Pelvic Organ Prolapse

Pelvic organ prolapse is the descent of parts of the pelvic organs, usually the vaginal wall or the uterus. Vaginal prolapse on the front wall of the vagina is called a cystocele as the bladder lies immediately above the front wall of the vagina. A prolapse on the back wall of the vagina, adjacent to the rectum, is therefore called a rectocele. There is also a common misconception that if a woman has had her uterus removed, she can no longer have any prolapse, but this is not the case.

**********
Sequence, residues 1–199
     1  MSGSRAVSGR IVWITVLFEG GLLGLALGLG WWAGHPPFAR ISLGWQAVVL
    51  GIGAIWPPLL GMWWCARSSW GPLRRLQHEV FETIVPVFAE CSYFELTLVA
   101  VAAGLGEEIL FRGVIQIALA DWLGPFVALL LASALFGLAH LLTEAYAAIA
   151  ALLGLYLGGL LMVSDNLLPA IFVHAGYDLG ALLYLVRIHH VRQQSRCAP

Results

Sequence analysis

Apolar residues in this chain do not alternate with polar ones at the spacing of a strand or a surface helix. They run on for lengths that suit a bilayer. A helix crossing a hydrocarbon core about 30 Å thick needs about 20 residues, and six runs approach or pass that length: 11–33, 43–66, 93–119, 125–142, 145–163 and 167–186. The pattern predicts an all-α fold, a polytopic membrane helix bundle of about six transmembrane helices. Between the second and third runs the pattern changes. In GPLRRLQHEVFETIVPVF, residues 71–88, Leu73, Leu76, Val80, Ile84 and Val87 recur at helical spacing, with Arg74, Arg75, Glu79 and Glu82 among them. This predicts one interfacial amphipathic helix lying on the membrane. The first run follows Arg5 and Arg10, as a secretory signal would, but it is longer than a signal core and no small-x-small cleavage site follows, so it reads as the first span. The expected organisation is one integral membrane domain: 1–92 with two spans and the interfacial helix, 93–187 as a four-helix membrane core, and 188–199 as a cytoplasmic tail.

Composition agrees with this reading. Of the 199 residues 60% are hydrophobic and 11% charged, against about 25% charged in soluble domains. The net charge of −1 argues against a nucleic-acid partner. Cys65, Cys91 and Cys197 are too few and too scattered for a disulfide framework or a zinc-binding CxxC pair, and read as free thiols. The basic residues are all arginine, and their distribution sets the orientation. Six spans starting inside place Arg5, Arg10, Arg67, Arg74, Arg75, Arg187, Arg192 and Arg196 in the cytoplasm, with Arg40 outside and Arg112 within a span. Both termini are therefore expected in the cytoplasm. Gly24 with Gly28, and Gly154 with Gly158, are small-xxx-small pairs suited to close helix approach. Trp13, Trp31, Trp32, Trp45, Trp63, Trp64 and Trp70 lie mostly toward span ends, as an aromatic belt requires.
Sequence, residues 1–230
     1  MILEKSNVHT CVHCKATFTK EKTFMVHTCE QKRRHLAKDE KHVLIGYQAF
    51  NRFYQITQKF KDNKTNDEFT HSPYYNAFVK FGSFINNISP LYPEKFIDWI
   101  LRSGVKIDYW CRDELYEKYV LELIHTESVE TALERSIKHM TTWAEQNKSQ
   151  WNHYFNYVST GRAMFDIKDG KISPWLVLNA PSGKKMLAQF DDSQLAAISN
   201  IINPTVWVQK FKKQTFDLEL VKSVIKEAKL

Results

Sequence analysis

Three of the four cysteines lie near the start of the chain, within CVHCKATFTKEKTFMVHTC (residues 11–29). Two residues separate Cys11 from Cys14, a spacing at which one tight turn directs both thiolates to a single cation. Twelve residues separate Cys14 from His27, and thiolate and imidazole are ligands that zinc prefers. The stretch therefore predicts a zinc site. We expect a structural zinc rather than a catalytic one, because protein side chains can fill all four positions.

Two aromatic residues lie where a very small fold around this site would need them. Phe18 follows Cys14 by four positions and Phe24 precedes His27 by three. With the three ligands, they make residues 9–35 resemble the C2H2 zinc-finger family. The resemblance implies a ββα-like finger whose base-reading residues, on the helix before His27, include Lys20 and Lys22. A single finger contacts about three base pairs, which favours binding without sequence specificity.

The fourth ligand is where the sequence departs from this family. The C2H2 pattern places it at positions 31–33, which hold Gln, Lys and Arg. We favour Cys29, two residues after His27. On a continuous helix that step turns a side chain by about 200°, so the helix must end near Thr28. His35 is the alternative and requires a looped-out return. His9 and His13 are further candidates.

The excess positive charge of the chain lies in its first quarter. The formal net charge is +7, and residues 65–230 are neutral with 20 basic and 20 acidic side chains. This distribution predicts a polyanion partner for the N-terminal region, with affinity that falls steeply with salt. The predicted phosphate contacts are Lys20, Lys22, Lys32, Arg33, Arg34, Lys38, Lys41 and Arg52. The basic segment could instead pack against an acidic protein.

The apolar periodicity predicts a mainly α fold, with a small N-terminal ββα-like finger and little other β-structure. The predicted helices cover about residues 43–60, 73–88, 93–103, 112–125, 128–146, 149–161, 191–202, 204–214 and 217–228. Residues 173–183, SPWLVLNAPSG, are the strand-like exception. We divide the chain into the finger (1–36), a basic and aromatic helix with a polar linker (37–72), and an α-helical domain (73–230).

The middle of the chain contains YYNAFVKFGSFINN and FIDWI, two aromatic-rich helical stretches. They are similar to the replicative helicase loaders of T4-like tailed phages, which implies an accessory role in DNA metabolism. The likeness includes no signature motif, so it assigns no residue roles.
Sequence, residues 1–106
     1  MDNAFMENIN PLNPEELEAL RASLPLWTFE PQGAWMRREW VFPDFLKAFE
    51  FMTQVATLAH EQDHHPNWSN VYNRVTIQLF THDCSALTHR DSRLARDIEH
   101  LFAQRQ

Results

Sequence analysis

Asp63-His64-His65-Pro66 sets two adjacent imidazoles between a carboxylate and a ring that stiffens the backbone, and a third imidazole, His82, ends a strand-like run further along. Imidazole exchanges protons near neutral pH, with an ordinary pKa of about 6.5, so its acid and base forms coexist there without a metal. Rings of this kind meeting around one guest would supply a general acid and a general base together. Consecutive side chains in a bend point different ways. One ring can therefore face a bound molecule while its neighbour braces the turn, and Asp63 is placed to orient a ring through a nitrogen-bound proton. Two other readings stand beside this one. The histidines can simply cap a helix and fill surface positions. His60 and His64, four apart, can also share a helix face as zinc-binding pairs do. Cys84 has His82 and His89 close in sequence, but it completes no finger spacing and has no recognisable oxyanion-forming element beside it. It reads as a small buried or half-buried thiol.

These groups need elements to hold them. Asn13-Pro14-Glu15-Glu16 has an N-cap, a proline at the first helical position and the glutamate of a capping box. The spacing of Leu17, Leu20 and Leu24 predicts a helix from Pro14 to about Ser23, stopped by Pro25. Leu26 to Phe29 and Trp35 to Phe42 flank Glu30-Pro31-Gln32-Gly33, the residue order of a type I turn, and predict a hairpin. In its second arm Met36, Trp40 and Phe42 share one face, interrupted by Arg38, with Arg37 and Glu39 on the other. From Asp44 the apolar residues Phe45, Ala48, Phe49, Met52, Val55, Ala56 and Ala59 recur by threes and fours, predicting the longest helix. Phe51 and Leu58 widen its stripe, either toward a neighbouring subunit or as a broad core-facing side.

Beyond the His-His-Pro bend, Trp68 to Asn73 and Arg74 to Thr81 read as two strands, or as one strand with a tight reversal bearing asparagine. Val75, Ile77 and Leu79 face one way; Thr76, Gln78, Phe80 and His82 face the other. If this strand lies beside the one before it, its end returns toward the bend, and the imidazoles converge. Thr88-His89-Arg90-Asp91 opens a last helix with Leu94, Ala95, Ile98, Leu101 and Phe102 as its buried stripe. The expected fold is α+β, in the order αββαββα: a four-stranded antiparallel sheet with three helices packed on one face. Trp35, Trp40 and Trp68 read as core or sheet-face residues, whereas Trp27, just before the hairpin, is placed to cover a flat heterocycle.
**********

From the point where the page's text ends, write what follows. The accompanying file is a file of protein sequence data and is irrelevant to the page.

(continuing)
Once the uterus is removed, the vagina is sewn over at the apex and becomes a blind-ending tube. This tube needs to be supported and, if not, it can prolapse as well. This post-hysterectomy vaginal prolapse is often referred to as vault prolapse. The management of this sort of weakness may require the insertion of plastic devices such as ring pessaries. Alternatively, if the prolapse is very mild, it might be responsive to good pelvic floor physiotherapy. If the condition progresses, it may require surgery. Surgery usually involves a vaginal repair or a possible hysterectomy, depending on what parts of the pelvis are descending.

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